Tea Time Down Under: HIV

Abstract & Commentary

By Russell H. Greenfield, MD, Editor

Synopsis: In-depth laboratory analysis suggests that human semen (SE) contains a peptide that enhances HIV infectivity, but the green tea polyphenol epigallocatechin-3-gallate (EGCG) inhibits the increased infectivity associated with the peptide. This raises the possibility that topical intravaginal EGCG could be a useful adjunct in controlling the spread of HIV infection.

Source: Hauber I, et al. The main green tea polyphenol epigallocatechin-3-gallate counteracts semen-mediated enhancement of HIV infection. PNAS 2009;106:9033-9038.

The authors of this laboratory study focused on the possibility that green tea may contain constituents that reduce infectivity of the HIV virus. Prior study had shown that a peptide derived from prostatic acid phosphatase and present in high concentrations within SE enhanced HIV infectivity, apparently by creating amyloid fibrils (called semen-derived enhancer of virus infection, or SEVI). In a dose-dependent fashion, EGCG was first shown to interfere with amyloid fibrillogenesis, and a subsequent lab study showed that EGCG helped to trigger the degradation of pre-formed amyloid fibrils. In another test, the researchers employed ultrathin sectioning together with electron microscopy and found that incubation of SEVI fibrils with EGCG resulted in no damage to the fibrils after 12 hours, but extensive fibrillar degradation at 60 hours. Interestingly, EGCG exhibited little in the way of antiviral activity in the absence of SEVI. EGCG showed no untoward effects on uninfected cells. The authors conclude that EGCG targets and degrades the SEVI amyloid fibrils, thus interfering with otherwise enhanced HIV infectivity, and without toxic effects on healthy, non-infected cells.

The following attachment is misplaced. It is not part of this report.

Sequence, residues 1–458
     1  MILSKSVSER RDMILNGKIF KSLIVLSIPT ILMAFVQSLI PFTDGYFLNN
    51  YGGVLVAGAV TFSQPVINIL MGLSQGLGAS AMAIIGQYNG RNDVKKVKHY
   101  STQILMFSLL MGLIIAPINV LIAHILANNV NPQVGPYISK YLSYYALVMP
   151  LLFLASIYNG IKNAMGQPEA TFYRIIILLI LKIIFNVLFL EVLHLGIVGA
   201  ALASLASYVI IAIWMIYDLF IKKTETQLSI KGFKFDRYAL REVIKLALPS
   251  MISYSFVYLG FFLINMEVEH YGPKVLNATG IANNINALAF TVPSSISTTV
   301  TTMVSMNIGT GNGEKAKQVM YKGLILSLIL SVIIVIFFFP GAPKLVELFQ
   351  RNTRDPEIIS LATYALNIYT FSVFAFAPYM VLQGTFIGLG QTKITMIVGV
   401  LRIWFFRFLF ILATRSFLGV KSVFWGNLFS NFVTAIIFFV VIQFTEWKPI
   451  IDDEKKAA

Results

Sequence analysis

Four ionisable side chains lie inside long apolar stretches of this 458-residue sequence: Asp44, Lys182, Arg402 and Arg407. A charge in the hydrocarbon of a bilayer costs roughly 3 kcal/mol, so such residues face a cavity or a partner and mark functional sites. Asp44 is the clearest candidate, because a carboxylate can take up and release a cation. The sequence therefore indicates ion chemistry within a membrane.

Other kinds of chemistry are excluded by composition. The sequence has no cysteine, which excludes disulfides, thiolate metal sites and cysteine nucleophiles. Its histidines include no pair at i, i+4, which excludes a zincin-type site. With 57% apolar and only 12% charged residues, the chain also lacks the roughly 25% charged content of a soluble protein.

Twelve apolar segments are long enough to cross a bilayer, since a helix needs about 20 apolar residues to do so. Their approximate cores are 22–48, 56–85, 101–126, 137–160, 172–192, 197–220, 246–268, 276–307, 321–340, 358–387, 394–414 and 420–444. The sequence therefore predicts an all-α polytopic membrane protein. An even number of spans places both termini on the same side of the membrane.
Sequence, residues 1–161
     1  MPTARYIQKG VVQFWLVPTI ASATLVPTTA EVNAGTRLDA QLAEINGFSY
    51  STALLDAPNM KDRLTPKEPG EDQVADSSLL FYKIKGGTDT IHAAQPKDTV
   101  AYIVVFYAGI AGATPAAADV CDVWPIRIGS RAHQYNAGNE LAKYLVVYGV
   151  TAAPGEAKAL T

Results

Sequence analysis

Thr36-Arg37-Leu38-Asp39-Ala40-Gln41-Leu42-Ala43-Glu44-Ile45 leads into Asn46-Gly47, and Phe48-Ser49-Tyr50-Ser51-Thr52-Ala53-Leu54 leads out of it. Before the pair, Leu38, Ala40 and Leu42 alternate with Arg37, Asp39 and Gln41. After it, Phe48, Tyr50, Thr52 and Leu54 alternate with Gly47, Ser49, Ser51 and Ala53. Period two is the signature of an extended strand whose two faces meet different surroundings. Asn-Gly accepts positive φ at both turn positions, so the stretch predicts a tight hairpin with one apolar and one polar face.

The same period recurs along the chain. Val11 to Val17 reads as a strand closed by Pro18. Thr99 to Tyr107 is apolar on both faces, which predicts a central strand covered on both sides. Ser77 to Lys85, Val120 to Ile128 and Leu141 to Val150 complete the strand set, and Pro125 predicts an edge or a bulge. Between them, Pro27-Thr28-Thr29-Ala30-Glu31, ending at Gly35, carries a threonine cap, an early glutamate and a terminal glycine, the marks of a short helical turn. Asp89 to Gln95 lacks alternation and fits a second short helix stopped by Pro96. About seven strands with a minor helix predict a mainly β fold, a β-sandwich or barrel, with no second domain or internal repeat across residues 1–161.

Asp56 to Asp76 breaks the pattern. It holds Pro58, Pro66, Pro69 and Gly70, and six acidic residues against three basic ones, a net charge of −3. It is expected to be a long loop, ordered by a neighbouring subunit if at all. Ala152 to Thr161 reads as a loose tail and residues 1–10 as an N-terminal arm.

Commentary

The authors draw on prior data to show that SEVI may be an important HIV infectivity factor during sexual transmission, share new data suggesting a role for EGCG in counteracting the enhanced infectivity induced by SEVI fibrils, and suggest that the polyphenol may be an effective and inexpensive intravaginal adjunct to more standard microbicidal therapy. Previous studies have suggested a possible role for ingested green tea to help control the spread of HIV infection, but this is perhaps the first study to explore such a role for a topical green tea EGCG extract. The researchers point out that EGCG is acid-stable, and thus should be stable in the intravaginal environment.

Around the world, infection with HIV most commonly occurs through sexual transmission. Current estimates are that 33 million people are infected with HIV, many of them poor. Imagine—a relatively benign and cheap intervention, developed from a readily available source (green tea), helping to lessen the infectivity of the HIV virus. Is more study needed? Yes, as the series of tests reported here were all bench research, the results compel scientists to look at EGCG's potential effects in humans in an ethically sound manner. Though the mechanism by which EGCG interferes with SEVI fibrils is yet unknown, the results of this study are exciting since, as with most illness, any advance in primary prevention trumps advances in treatment of established disease.